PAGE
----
Supreme Court Delivers Knockout Blow to Alabama GOP in One-Sentence Ruling

The Supreme Court on Tuesday slapped down Alabama Republicans’ latest attempt to use a congressional district map that only includes one majority-Black district, delivering a major blow in just one sentence.

This is the Supreme Court’s second such ruling in three months. Earlier this summer, the court struck down a similar GOP-drawn congressional map and ordered Alabama to add a second majority-Black district. But Alabama Republicans dug in their heels and approved a similarly problematic congressional map, and asked the Supreme Court to block lower court rulings invalidating it.

And the Supreme Court refused.

“The application for stay presented to Justice Thomas and by him referred to the Court is denied,” the Supreme Court said in a terse statement. There were no noted dissents.

Alabama must now accept a map that has at least two majority-Black districts.

The Supreme Court shocked everyone in June when it ruled 5–4 that Republican-drawn congressional districts in Alabama discriminated against Black voters under the Voting Rights Act. The justices ordered Alabama to redraw the map to include at least two majority-Black districts.

Alabama repeatedly tried to redraw districts in a way that keeps the status quo and dilutes Black votes. The federal appeals court that struck down the latest map appointed a special master to oversee the redistricting.

“We have no reason to believe that allowing the Legislature still another opportunity to draw yet another map will yield a map that includes an additional opportunity district,” the three-judge panel said at the time. “We are disturbed by the evidence that the State delayed remedial proceedings but ultimately did not even nurture the ambition to provide the required remedy.”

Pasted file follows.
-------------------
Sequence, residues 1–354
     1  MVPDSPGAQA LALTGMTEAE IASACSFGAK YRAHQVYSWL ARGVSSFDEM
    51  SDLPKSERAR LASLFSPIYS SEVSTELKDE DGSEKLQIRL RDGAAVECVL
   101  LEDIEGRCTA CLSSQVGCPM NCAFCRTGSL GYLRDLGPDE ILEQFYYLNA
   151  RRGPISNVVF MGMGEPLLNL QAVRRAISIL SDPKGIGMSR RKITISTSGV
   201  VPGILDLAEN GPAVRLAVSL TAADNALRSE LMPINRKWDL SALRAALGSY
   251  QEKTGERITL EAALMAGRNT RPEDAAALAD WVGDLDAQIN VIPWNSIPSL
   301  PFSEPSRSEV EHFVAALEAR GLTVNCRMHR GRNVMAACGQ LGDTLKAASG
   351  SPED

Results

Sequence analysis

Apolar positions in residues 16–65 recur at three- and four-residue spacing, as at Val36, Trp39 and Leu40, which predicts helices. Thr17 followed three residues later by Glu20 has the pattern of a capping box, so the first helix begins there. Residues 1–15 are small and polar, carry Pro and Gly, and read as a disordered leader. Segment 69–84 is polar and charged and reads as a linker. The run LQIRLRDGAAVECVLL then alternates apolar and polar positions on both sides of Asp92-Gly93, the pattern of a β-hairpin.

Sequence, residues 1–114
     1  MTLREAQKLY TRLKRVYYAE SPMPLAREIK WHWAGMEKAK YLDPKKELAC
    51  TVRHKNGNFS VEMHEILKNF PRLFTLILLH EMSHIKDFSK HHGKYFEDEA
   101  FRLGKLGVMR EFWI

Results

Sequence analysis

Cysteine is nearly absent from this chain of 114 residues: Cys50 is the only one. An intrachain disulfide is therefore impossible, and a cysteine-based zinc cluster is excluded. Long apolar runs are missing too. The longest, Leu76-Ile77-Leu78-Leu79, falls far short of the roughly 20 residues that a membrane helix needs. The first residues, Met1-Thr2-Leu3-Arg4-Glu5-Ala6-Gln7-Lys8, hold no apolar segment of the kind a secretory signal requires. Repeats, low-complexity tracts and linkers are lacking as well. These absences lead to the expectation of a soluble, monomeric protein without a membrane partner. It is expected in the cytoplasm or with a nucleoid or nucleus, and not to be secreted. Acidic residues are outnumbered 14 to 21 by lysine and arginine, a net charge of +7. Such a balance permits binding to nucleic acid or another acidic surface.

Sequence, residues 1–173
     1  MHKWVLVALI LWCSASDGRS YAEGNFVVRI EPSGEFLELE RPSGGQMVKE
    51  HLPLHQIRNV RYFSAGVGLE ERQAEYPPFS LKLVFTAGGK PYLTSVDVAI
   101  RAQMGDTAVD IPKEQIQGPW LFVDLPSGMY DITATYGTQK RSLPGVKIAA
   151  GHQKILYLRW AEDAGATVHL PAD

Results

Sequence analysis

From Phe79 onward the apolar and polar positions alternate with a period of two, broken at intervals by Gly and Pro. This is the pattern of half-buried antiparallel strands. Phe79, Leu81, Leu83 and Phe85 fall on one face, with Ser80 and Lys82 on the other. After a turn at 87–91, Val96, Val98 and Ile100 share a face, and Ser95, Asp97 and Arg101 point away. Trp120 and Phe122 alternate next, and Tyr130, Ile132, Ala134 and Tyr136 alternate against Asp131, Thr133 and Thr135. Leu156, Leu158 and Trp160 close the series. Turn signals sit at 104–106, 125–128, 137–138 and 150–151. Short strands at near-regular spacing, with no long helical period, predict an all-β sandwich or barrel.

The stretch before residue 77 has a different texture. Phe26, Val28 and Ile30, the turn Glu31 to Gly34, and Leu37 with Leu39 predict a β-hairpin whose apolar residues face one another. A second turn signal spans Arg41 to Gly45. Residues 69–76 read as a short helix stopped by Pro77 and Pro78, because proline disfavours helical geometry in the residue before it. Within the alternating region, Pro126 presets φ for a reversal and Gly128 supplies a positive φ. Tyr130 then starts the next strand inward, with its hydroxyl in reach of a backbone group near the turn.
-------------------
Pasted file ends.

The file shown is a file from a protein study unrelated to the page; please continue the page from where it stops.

Alabama has until October 1 to finalize a new map to ensure that there is enough time to prepare for the 2024 election, according to Republican Secretary of State Wes Allen. State officials will need to reassign voters and print and distribute ballots.

More than a quarter of Alabama residents are Black, but currently only one of Alabama’s seven congressional districts is majority-Black. Black voters are scattered throughout the other districts, dramatically reducing their ability to elect their preferred candidates. As a result of the racial gerrymandering, the state only has one Black representative.

The Supreme Court’s ruling—and the outcome of the new map in Alabama—could have bigger implications across the South, and even help Democrats retake the House in 2024. Several other states, including Louisiana, South Carolina, and Georgia, are facing legal challenges to their racially gerrymandered districts. Those states could see a very different map in the coming election.